Well February has been quite a busy month for us.
Ann is settling in at school. It takes around 12 minutes to get there direct, 20 when dropping Peter off at work in the city centre. All of the staff have keys and can come to school to work at any time of the day or night.
Peter has started work with a small IT support company based in the city centre. They are a young, friendly crowd with a boss who looks after his staff. A staff 3 day jolly (including partners), all paid for by the boss, has been booked at Poronui Ranch near Taupo for mid April. This is a 16,000 acre ranch with fly fishing, clay shooting and horse riding facilities.
When driving around here you have to be careful of the crazy Mynah birds who play ‘chicken’ by walking into the roads looking for food. Some of them don’t manage it back to the safety of the kerb but those that do give you such a filthy look as if to say ‘who are you to disturb our dinner.’
The house is filling up as all of our furniture has arrived.
Our furniture arrives.
Unloading was done by a very good bunch of lads who emptied our 40 foot (full) container in just over three hours. Unpacking is taking a little longer. There were a few breakages of some of Peter’s Discworld models and a couple of picture frames. Many of the boxes were put in the garage for us to unpack at our leisure, some of which we have had to repack until we get a larger place of our own.
The Ministry of Agriculture came to check the cleaning on the bonsai pots and garden tools, all OK and nothing needing fumigation or extra cleaning. The work Peter put in cleaning all the stuff in the UK paid off.
We have seen quite a few hot air balloons in the mornings. There is a major festival in Hamilton later on this year which we shall go to. The night time display is said to be spectacular.
House prices vary considerably between city properties and those a short distance outside towards areas such as the centre of horse breeding at Cambridge. Also known as the Town of Trees, Cambridge is a pretty town 25 minutes south of Hamilton, the tree lined streets have many Maples and Gingkoes.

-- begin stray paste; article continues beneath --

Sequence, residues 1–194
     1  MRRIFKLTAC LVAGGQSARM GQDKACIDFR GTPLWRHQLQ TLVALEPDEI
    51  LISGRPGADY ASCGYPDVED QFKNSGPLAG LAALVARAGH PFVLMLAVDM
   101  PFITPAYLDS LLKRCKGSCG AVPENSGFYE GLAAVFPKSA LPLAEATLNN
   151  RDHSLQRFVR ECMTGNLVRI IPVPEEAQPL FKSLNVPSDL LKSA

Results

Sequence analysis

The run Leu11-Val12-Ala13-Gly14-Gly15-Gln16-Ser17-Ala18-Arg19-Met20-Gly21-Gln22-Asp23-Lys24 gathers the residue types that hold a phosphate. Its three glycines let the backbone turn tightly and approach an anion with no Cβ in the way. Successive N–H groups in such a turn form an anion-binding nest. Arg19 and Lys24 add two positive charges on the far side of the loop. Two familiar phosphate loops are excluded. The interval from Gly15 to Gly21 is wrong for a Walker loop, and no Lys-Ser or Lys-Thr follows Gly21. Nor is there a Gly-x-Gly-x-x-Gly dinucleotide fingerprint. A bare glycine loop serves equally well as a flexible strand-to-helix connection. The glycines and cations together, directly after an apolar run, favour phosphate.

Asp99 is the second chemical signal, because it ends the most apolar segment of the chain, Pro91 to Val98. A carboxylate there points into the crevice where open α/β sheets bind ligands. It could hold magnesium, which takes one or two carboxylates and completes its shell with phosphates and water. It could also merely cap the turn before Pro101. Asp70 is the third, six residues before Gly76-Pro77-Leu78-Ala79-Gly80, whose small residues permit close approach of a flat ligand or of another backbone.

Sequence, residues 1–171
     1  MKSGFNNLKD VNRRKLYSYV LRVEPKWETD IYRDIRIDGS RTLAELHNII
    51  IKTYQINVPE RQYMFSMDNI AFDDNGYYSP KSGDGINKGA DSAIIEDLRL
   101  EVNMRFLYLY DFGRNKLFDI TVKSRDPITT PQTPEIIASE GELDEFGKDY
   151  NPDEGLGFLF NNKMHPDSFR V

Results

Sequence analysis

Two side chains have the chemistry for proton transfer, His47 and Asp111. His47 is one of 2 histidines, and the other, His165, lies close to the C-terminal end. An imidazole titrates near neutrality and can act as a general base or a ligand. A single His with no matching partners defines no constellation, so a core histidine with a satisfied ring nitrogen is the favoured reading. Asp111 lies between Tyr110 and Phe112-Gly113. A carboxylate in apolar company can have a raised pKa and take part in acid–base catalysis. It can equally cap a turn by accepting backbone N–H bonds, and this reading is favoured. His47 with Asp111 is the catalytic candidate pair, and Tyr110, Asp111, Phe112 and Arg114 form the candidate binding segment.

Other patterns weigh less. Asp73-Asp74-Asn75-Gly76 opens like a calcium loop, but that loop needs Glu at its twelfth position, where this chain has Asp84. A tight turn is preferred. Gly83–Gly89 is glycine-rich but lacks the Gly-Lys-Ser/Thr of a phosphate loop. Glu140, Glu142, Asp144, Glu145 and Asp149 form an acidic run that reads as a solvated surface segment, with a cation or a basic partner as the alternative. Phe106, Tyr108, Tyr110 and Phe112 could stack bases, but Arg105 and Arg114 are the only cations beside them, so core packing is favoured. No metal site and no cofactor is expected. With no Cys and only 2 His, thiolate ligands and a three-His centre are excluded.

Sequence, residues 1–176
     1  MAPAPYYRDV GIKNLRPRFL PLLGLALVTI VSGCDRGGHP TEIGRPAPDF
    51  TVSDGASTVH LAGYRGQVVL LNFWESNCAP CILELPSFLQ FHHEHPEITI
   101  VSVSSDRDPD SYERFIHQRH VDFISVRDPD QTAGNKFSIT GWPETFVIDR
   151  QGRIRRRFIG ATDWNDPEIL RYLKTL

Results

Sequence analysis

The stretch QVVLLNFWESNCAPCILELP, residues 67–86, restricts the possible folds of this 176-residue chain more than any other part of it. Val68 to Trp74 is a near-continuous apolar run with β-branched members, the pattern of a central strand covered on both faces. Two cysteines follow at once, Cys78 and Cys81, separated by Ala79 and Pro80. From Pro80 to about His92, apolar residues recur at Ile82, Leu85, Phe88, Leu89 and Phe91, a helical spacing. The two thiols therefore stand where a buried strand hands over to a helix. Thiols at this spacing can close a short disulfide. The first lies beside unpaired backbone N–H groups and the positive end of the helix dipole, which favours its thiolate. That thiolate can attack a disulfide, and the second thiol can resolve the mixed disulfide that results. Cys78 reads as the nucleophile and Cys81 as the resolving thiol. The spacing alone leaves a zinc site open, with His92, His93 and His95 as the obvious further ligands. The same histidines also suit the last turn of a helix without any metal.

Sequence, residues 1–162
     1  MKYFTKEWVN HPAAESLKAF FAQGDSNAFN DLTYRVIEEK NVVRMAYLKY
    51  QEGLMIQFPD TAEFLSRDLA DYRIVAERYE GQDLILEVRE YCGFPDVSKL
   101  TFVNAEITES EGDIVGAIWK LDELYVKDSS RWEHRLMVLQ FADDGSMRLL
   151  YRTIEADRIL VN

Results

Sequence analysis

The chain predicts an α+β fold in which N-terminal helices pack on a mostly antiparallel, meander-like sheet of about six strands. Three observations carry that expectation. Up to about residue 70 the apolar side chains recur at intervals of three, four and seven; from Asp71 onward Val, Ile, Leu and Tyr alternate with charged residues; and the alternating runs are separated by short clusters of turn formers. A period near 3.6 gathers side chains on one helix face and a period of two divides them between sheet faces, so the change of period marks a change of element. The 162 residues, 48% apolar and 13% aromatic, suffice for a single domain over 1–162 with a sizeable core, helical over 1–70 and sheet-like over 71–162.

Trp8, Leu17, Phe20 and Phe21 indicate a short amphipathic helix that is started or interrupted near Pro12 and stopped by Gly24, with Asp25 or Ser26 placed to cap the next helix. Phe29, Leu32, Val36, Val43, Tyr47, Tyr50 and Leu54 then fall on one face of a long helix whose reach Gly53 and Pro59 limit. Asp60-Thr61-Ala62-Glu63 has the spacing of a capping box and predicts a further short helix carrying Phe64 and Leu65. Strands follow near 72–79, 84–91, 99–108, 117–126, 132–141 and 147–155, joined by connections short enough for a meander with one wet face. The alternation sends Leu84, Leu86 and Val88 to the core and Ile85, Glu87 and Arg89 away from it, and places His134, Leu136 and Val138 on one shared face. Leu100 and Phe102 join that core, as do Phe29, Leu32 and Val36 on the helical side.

Our deck and the sunsets towards Mount Pirongia and Raglan
Fish and chip shops operate in a slightly different way from those in the UK. All of your food is cooked to order (so no cold chips cooked an hour before) and many of them are also the Chinese take-away. Fish is usually Snapper or Hoki, none of that common Cod out here.
Things grow big around here!
Ann’s car is causing us some ‘problems’. It is central locking and frequently does so – by itself! We can be driving along and all of a sudden all the doors lock! Spooky! It can also take us three goes to unlock the car when we try to get in it as each time we unlock it, it immediately locks itself. So now it’s become a race to see if we can open a door before it locks – reminds us a little of Arkwright’s cash register in ‘Open all Hours’!!!
The news reporters on radio and TV here are very down to earth. The other day the Minister of Education was being interviewed about a cock up in education exams and the interviewer started by saying ‘Well Minister, what the bloody hell is going on here?’ – direct and straight to the point !
Ann is still getting used to phrases such as ‘bugger’ which is as common as ‘oh dear’ and is said by everyone. ‘The weather was a bit of a bugger yesterday wasn’t it Mrs Mudie’ said one of the students. Er – yes it wasn’t very good was it.
We’ve had several invites to dinner – Chris is a teacher aide at school and comes from Bolton (been here 20 + years). Helen (another TA) has been here 9 years and comes from Rubery (half a mile from where Peter was born and where his parents still live) – it really is a small world! Another teacher who started at Pat Ave at the same time as Ann actually comes from Wolverhampton and worked at Wombourne Special School in W’ton.